Now, solitary hours are harder to find; lonely ones are infrequent, but sting deeper. Life hasn’t gotten easier. It’s richer with strength and peace, poorer with worry and loss. There are mountains to climb now, not trees: higher, more treacherous, some of them oxygen-deficient, but grand and expansive.

The magnolia tree is long gone anyway – until you close your eyes. Close your eyes, take a breath, feel the bark and the leaves and the velvet petals, see the corners, your own brick home behind you, the world below you, the promise ahead of you…the Home that calls you in for supper.



Published in: on January 27, 2017 at 10:33 pm  Leave a Comment  

The Phifer vacuum

A couple of weekends ago my husband Daniel and I removed the last of his parents’ worldly belongings out of the small storage unit where they had been kept for three and half years. It took all of one hour, involved multiple trips to the dumpster across the parking lot, and all fit in our minivan. Forget antiques and memorabilia and photo albums. The storage unit consisted almost exclusively of large plastic bins filled with CDs, old tools, and random pieces of electronic equipment.

It was representative of Gary, Daniel’s Dad, if not of Jo, his mother. And it reminded me of a story….dscn0335

Daniel’s childhood home included an unfinished basement, with the stairs to it branching off the ground floor’s main hallway. The vacuum cleaner lived in this basement along with the usual accomplices: washer, dryer, drill press, shelves and cabinets and worktables of assorted tools, power tools, and spare parts to untold numbers of appliances.

Jo was weary of hauling said vacuum cleaner (which she complained didn’t work that great anyway) up and down the basement stairs, and finally Gary had had enough of the moaning about it.

Now, Gary was an outstanding engineer of just about any type. But the man had no eye or thought for aesthetics. So here was his solution:

Go to Sears. Buy an industrial wet-dry “shop” vac. Clear three square feet out of the hall coat closet and ensconce said shop vac in it. Run the cord under the hall rug, under the door to the basement, plug it into an orange extension cord, and wrap the extension cord around the stair banister, all the way down to an outlet in the basement. Last, but not least, distribute industrial quality headphones to each member of the family.

To handle the industrial-sized roar of the shop vac.

“Gary!! This thing is TOO LOUD!!”

“Well, you said you wanted a vacuum that works.”

“But it’s too LOUD!!! And it takes up the WHOLE CLOSET!!”

“Well, you said you were tired of carrying it up and down the stairs. Now you don’t have to.”

Well what could anybody say to this?

Never mind that now there’s a lump in the hall rug. Or that the basement door won’t fully shut. Or that in reaching for the stair banister you wrap your hands around a power cord. Or that you had to wear headphones when the vacuum cleaner was running – no matter who was pushing it. Or that Hunter the cat, who fearlessly stalked possums and raccoons, ran fleeing in feline terror when the Beast was fetched from the coat closet. Or that the vacuum is so powerful all loose textiles within a six-foot radius must be secured before flipping the “on” button.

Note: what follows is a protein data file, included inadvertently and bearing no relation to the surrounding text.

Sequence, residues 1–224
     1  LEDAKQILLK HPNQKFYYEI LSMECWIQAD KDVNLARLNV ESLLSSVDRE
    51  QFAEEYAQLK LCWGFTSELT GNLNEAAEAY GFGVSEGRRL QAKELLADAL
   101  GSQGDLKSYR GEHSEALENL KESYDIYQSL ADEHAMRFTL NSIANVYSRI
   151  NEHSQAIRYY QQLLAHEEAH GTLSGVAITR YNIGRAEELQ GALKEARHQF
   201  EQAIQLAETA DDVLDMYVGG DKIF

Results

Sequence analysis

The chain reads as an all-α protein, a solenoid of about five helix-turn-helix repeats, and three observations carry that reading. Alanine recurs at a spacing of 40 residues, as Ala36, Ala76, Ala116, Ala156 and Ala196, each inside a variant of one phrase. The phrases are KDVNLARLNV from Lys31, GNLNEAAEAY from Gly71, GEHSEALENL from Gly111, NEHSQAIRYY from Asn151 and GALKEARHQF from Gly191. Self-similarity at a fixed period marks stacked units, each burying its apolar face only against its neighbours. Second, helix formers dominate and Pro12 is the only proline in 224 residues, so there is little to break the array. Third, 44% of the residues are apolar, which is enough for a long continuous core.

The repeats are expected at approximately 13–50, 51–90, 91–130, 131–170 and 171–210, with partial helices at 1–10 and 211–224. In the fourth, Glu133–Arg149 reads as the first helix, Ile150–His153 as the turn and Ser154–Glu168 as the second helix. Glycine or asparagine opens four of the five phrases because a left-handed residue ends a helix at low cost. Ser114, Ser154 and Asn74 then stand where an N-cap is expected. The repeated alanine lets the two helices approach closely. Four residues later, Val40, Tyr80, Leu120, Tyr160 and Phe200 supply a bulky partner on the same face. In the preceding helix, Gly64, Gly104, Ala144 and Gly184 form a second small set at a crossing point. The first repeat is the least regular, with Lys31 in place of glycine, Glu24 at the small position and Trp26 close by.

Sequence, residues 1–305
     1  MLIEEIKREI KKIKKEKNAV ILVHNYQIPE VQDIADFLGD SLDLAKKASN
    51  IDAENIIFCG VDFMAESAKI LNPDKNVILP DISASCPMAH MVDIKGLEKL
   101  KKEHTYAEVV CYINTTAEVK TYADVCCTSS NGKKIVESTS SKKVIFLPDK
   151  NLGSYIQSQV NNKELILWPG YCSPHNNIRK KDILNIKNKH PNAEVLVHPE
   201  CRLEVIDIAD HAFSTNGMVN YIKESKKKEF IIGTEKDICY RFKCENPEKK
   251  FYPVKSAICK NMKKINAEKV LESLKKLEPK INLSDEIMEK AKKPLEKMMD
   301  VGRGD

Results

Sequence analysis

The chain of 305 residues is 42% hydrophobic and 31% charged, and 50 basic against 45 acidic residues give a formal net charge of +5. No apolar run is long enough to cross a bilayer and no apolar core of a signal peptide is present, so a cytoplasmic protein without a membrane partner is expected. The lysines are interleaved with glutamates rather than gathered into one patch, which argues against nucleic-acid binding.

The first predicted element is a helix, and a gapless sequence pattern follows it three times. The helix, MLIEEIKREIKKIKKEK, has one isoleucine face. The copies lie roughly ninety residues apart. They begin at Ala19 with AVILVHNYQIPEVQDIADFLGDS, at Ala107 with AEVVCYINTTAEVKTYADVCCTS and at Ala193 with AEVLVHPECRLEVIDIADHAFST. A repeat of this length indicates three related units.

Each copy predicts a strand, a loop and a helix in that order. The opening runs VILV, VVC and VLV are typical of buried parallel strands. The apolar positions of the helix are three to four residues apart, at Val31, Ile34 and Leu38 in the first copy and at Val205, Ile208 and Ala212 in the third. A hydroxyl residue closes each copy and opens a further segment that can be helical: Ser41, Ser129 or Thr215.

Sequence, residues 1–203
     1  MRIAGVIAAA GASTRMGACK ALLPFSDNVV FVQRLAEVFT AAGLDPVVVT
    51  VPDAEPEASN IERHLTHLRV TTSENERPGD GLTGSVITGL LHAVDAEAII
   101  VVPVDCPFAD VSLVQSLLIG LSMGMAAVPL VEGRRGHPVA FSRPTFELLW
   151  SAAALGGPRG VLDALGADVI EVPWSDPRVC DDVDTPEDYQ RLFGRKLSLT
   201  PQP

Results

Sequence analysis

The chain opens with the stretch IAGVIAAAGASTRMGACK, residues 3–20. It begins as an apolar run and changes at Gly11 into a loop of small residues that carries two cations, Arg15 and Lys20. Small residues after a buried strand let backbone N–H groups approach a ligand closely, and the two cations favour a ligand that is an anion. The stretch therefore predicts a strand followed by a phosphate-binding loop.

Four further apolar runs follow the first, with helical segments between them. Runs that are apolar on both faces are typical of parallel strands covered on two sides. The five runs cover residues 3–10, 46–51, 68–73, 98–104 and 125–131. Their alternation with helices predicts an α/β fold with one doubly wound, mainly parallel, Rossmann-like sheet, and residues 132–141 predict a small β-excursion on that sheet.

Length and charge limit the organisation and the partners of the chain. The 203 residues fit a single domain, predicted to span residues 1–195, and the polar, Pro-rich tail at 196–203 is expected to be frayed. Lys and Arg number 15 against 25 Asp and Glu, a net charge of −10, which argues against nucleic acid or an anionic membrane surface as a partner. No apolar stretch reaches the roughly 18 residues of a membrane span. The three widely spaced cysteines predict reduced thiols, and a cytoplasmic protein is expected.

The important thing was, the thing worked, and nobody had to haul it up or down any stairs.

Y’all. This was life in Gary Phifer’s household.

You ask for a solution, and you’re likely to get it. But you’ll get what you get, and you don’t pitch a fit.

Published in: on November 30, 2016 at 3:18 am  Leave a Comment  

Carter v Reagan (aka The Spin of Shame)

My first presidential election. 1979. Carter vs. Reagan. God bless him, how could Carter possibly have won re-election when dozens of Americans remained hostages in Iran?

Whatever that meant.merry-go-round

Here’s what the 1980 (1979) presidential election meant to me: Getting to ride the merry-go-round, and realizing you can’t spin fast enough to shake shame.

I was a young seven years old. I was a runt. I was shy. I was one of 10 white children at an elementary school with just over 100 students. I had no real friends to speak of, just one or two peers who condescended to pity me enough to occasionally invite me into playground games. (Cue “Rudolph” here.) To all the rest, I was invisible.

Except the day after the election results were announced. That day, some of the children – the big ones everybody listened to-slash-were scared of – made it clear that only dummies (pretty sure that was their word choice) had voted for Carter. Reagan won, so Reagan was the Man of the Hour, and everybody affiliated with poor Mr. Carter was a loser. Never mind that the oldest child on the playground was still a decade from voting age and not one of us could tell you what the Electoral College was. Maybe not even Reagan’s first name.

Didn’t matter. No losers were allowed on the merry-go-round.

Well I’d heard these two names – Carter and Reagan – bandied around at the dinner table at my house, part of that baffling other-worldly conversation that floated between adults, mysterious to a child like clouds: you knew more or less what they were made of, but had no hope of touching them yourself.

Still, I’d caught enough of the drift (if you’ll pardon the pun) to know my parents had voted Carter.